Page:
Thursday, September 2, 2010


Talking about murder

So far Ladies' Killing Thursdays have focused on research and how easy the internet has made that task. There's no limit to the facts you can ferret out if your willing to move your curser far enough. But another form of research – and my favourite – is talking to people who know things I don't know, especially things that can be used for criminal purposes.

I asked my pharmacist how to doctor a nitroglycerine spray in such a way that it would kill. She gave me her first thoughts on the subject and then called me at home after she'd discussed it with her colleagues. She felt she'd come up with a method that was fast and almost undetectable. I was grateful for the time she took and gave her a copy of the Ellery Queen Mystery Magazine in which the story appeared. But I have to admit that in this case the price was high. Now whenever I walk into the drugstore, she hollers from the back of the store. "Hey Sue, have you killed anyone lately?" She and the rest of the staff get a great kick out of this witticism but I'm the one who has to look into the faces of the other customers and watch their eyes slide away from mine in alarm.

Generally speaking, I find people more than willing to part with gory details. I buttonhole people at dinner parties and make surreptitious notes on the napkins. I talked to a refugee from Vietnam at a bus stop and the result is a story in the upcoming International Association of Crime Writers' anthology.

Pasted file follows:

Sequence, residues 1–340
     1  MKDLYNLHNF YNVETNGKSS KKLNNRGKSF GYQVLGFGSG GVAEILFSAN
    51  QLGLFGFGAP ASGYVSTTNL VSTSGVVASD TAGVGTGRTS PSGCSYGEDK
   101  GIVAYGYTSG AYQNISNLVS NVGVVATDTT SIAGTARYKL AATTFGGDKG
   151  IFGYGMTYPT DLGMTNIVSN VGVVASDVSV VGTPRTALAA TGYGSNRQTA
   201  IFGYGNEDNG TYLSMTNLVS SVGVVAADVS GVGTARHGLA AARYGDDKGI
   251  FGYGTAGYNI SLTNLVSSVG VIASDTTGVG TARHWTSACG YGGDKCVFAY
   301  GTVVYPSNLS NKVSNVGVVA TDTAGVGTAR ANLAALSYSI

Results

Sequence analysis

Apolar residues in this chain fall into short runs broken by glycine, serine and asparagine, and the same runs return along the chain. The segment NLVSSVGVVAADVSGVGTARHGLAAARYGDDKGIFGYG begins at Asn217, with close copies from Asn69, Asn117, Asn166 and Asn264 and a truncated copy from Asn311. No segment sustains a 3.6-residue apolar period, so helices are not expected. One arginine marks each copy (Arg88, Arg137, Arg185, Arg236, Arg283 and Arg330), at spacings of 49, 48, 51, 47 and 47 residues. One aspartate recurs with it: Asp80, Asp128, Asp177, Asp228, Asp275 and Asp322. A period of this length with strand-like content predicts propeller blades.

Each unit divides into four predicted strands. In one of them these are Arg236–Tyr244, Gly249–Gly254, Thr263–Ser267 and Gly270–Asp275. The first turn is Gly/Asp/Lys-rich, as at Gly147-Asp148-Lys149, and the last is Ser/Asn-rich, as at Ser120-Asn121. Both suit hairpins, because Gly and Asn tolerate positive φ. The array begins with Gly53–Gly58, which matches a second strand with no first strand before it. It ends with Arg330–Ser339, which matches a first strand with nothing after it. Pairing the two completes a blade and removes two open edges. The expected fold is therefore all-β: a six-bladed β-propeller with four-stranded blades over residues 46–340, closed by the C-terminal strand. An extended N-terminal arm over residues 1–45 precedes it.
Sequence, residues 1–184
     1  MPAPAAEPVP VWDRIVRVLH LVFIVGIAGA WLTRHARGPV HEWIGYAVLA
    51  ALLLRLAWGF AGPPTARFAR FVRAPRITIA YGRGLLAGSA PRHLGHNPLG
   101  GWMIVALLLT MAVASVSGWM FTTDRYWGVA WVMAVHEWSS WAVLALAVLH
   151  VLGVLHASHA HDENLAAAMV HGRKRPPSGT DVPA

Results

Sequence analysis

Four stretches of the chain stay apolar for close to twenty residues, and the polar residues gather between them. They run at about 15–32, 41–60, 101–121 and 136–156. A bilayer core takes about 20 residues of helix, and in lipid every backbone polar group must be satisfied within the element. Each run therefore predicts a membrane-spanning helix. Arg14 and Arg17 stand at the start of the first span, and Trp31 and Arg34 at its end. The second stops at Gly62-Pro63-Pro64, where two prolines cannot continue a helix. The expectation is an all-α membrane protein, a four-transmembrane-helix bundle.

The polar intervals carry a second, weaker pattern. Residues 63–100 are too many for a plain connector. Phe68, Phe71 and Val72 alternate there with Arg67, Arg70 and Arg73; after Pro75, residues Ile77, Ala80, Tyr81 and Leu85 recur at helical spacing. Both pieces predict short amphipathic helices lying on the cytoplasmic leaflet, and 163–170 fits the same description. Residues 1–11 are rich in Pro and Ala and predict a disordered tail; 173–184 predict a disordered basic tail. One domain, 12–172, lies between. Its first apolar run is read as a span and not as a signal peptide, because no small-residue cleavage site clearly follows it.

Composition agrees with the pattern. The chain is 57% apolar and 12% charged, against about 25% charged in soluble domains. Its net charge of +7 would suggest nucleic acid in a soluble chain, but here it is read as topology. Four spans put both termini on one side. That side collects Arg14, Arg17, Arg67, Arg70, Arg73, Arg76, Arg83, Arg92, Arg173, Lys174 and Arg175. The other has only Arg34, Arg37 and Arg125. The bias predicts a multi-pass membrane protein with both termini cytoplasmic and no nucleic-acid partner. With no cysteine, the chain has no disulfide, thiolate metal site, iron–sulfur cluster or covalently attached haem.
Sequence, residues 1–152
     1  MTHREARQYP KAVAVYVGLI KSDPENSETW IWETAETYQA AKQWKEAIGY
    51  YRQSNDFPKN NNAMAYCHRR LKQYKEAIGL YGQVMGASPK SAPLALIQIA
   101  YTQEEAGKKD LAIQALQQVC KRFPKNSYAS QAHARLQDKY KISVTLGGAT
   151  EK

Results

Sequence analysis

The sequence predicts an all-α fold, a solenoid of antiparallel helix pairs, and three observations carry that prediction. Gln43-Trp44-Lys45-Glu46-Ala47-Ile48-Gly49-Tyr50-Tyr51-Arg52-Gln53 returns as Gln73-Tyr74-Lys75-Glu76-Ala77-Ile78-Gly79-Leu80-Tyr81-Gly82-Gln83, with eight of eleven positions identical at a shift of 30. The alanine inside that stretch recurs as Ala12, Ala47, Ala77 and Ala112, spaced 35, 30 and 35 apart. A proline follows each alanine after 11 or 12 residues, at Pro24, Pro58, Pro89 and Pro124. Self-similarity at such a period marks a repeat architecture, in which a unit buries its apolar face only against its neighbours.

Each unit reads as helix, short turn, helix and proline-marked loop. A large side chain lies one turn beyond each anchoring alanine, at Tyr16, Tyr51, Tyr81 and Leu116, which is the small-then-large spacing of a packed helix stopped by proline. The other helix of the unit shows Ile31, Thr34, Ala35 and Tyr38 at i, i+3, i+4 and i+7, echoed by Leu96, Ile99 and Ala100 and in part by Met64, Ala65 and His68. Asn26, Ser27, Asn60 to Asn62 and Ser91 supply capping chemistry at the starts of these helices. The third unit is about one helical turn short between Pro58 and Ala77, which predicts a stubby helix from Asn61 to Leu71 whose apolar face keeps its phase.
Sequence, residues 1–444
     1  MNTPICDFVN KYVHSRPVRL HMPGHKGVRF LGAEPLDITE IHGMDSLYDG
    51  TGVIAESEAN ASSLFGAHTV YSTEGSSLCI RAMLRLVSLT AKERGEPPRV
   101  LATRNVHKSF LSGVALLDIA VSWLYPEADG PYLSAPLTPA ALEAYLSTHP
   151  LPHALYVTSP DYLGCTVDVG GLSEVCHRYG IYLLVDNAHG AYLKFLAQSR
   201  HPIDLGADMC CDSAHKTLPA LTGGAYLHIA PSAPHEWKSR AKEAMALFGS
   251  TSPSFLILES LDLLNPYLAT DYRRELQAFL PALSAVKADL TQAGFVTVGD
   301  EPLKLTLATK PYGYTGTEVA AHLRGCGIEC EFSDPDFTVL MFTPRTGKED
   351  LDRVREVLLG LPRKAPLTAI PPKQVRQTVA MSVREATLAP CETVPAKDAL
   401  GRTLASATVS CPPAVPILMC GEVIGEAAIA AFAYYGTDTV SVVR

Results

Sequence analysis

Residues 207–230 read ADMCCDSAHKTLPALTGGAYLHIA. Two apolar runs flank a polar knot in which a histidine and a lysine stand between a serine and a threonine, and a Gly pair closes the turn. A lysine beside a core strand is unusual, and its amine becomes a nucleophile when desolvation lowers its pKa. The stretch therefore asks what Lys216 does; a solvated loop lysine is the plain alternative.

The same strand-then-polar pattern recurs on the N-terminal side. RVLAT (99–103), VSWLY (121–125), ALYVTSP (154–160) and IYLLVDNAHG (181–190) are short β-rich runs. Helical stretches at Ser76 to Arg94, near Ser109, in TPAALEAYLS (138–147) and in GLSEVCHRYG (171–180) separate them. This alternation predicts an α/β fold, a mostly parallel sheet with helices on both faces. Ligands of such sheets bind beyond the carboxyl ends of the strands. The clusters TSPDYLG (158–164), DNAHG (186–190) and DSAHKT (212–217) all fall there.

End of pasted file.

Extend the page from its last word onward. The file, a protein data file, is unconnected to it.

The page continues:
My husband and I have a cottage on the same lake as the Queen's University Biology Station. The students and staff there have been generous with information on deadly plants and mushrooms and have offered to explain how their bat and bird recording equipment works and how a body might disappear forever inside one of the abandoned feldspar mines on the property.

Of course, this type of research doesn't always work. My doctor used to be a fount of information on methods of death but he's moved his practice to Toronto and his replacement isn't nearly as forthcoming and indeed, seems to be in a great hurry to get me safely out of the office. And my dental hygienist pretends she hasn't heard the question and gouges my gums even harder. I may have to look for a new dentist.

Have any of you had luck conducting research by talking to people? Or not?

Sue Pike has published nineteen stories and won several awards including an Arthur Ellis Award for Best Short Crime Story. Her latest, Where the Snow Lay Dinted will appear in the December issue of Ellery Queen's Mystery Magazine.

Sue and her husband and an opinionated Australian Shepherd named Cooper spend the winter months in Ottawa and the rest of the time at a mysterious cottage on the Rideau Lakes.


  1. I totally agree about just getting out there and talking to people. Not only do you find useful information and often, tidbits that come from personal experiences, but also a wealth of other writing information such as gestures, expressions, etc.